Looking ahead to next season, we evaluate what the New Jersey Devils need to focus on to improve and make a Stanley Cup Playoffs run.
The New Jersey Devils are terrible, plain and simple. They need to improve in several areas if they are to return to their glory days of the late 1990s and all of the 2000s.
There are several different ideas on what the team can do to improve overall, however, there are three key areas the team needs to improve:
- Offensive Production
- Special Teams
As you can already tell, that’s pretty much the entirety of a hockey club. Not a good sign for any NHL team.
This has been an issue for the Devils for several seasons now. The team is always among the league’s worst in goals for and shots per game.
In the past two seasons, big name acquisitions Kyle Palmieri and Taylor Hall were brought in to try and help that problem. However, the problem has persisted. The Devils have traditionally been a defense-first organization, but in today’s changing NHL, offense is much of a necessity as ever. Not since the Devils had 30-goal scorers named Zach Parise, David Clarkson and Illya Kovalchuk have they been a serious offensive threat.
Before the team can even dream about the puck being in the back of the net, they have to get it to the net first. The Devils will have a few games where they average between 21-23 shots. Then, like in their most recent game against the Penguins, they will have 38 shots on goal. They aren’t going to tally 38 shots every game, but they need to average at least 25 shots on goal per night if they are to remain competitive in games.
The Devils need is for a puck moving forward, someone who can get the puck into the high priced real estate and move it toward the net. The Devils are prone to having serval good scoring opportunities either be blocked or go wide. This player would ensure that even if the puck is saved, it at least went on net. Moving the puck toward the net as often and as quickly as possible.
The first three numbers to be retired by the New Jersey Devils organization all belong to defensemen. The Devils top four consisting of Scott Stevens, Ken Daneyko, Scott Niedermayer and Brian Rafalski were legendary. Now, the Devils defense has greatly fallen. Right now the best player on the defense is Andy Greene. And that’s not saying much, unfortunately.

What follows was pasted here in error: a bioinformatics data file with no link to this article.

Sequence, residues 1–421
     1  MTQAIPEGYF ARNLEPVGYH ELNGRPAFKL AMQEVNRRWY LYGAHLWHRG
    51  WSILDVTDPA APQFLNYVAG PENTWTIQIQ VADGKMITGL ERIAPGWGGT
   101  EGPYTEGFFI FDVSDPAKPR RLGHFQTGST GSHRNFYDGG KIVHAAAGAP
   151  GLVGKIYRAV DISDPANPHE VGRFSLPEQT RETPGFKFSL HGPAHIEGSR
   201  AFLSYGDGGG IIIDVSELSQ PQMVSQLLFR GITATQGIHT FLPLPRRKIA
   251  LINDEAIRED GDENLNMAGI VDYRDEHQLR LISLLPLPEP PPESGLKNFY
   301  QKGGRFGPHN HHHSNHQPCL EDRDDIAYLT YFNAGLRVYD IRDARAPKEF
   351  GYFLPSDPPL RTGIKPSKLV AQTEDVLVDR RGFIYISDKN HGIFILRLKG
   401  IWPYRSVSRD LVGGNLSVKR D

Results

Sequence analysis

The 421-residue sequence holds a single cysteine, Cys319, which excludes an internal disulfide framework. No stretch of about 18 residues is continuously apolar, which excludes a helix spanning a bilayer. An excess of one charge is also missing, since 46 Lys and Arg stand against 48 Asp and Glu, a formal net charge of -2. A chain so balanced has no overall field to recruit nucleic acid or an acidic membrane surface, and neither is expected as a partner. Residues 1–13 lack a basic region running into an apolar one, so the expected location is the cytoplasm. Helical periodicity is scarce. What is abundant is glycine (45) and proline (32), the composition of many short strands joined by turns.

Damon Severson and Greene can be the only real pieces the Devils would be wise to keep. John Moore, Ben Lovejoy and Jon Merrill are on the books for one more year, so they are stuck there. Beyond a rotating sixth player, the Devils d-core has been a revolving door due to injuries/poor play. This is the area that needs most work.
The Devils need a player that is established and can put up numbers. Andy Greene won’t put up numbers but does all the little things right. Damon Severson is having a career year, despite being -30. The Devils need a few two-way defenders. Not only players that have offensive talent, but can shut down the other teams best players. Perhaps the team can look into rebuilding a line similar to the Jay Pandolfo, John Madden, Sergei Brylin line.
This is an area that was half way to being better but has fallen off track this season. Last season the Devils power play was in the top 10 in the NHL. This season, they’ve given up the most short-handed goals in the league. The penalty kill started out good this season but has since become lost among the most average of teams in the league.
A Devils power play of recent memory is the Adam Oates led 2011-12 squad. The power play was untouchable, quite possibly scoring the perfect power play goal. It helps that three 30 goal scorers were on it. One of which was David Clarkson, and if he can get 30 goals on a team, you are doing something right. The 1-3-1 has been shown this season that it is flawed and the Devils aren’t a team that is cut out for it.
Like with the offensive production, the team could use a puck-moving player to quarterback the man advantage. The play can be set up, and he can direct traffic, moving players to their proper positions. For the penalty kill, the team simply needs to have the players they are putting out be more aggressive. The Devils are the only team that will not pressure the man on the point with the puck. The player has room to move side to side and has two open passing lanes. They don’t force the play, and that’s why other teams succeed where the Devils fail.
While the wishlist currently reveals a lot, this is the reality. If the New Jersey Devils were to look themselves in the mirror, they’ll see many deficiencies across the board.